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Zoological Research
Kunming Institute of Zoology, Chinese Academy of Sciences
ISSN: 2095-8137
Vol. 41, No. 6, 2020, pp. 621-631
Bioline Code: zr20069
Full paper language: English
Document type: Research Article
Document available free of charge

Zoological Research, Vol. 41, No. 6, 2020, pp. 621-631

 en Role of neutrophil chemoattractant CXCL5 in SARS-CoV-2 infection-induced lung inflammatory innate immune response in an in vivo hACE2 transfection mouse model
Liang, Yan; Li, Heng; Li, Jing; Yang, Ze-Ning; Li, Jia-Li; Zheng, Hui-Wen; Chen, Yan-Li; Shi, Hai-Jing; Guo, Lei & Liu, Long-Ding


Understanding the pathogenesis of severe acute respiratory syndrome coronavirus 2 (SARS-CoV-2) and clarifying antiviral immunity in hosts are critical aspects for the development of vaccines and antivirals. Mice are frequently used to generate animal models of infectious diseases due to their convenience and ability to undergo genetic manipulation. However, normal adult mice are not susceptible to SARS-CoV-2. Here, we developed a viral receptor (human angiotensin-converting enzyme 2, hACE2) pulmonary transfection mouse model to establish SARS-CoV-2 infection rapidly in the mouse lung. Based on the model, the virus successfully infected the mouse lung 2 days after transfection. Viral RNA/protein, innate immune cell infiltration, inflammatory cytokine expression, and pathological changes in the infected lungs were observed after infection. Further studies indicated that neutrophils were the first and most abundant leukocytes to infiltrate the infected lungs after viral infection. In addition, using infected CXCL5-knockout mice, chemokine CXCL5 was responsible for neutrophil recruitment. CXCL5 knockout decreased lung inflammation without diminishing viral clearance, suggesting a potential target for controlling pneumonia.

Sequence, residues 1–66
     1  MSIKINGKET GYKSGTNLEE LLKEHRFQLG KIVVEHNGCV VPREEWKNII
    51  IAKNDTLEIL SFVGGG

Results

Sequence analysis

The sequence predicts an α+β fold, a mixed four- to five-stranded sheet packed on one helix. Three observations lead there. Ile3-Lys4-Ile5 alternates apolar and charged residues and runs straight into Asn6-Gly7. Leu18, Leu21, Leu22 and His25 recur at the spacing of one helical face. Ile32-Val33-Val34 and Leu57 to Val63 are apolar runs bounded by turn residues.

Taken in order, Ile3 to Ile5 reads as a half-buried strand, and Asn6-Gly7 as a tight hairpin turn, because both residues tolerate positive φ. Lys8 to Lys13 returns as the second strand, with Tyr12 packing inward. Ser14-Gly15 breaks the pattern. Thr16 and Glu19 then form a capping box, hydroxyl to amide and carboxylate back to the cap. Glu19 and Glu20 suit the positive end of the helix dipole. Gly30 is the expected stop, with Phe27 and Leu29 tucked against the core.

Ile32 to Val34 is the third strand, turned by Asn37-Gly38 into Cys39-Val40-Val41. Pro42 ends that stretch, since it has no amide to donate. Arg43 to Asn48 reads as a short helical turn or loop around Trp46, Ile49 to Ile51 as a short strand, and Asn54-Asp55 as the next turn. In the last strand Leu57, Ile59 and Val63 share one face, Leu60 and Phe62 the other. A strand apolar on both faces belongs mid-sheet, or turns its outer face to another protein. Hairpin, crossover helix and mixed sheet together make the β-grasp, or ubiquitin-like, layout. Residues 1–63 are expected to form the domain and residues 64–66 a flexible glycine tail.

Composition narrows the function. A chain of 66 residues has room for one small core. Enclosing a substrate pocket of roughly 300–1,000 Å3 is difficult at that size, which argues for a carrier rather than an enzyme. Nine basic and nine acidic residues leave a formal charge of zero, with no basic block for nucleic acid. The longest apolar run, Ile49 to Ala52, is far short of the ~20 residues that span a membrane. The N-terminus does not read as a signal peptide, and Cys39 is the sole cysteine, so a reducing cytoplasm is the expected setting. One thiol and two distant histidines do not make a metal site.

SARS-CoV-2; Mouse model; Lung infection; ACE2; Neutrophil; CXCL5

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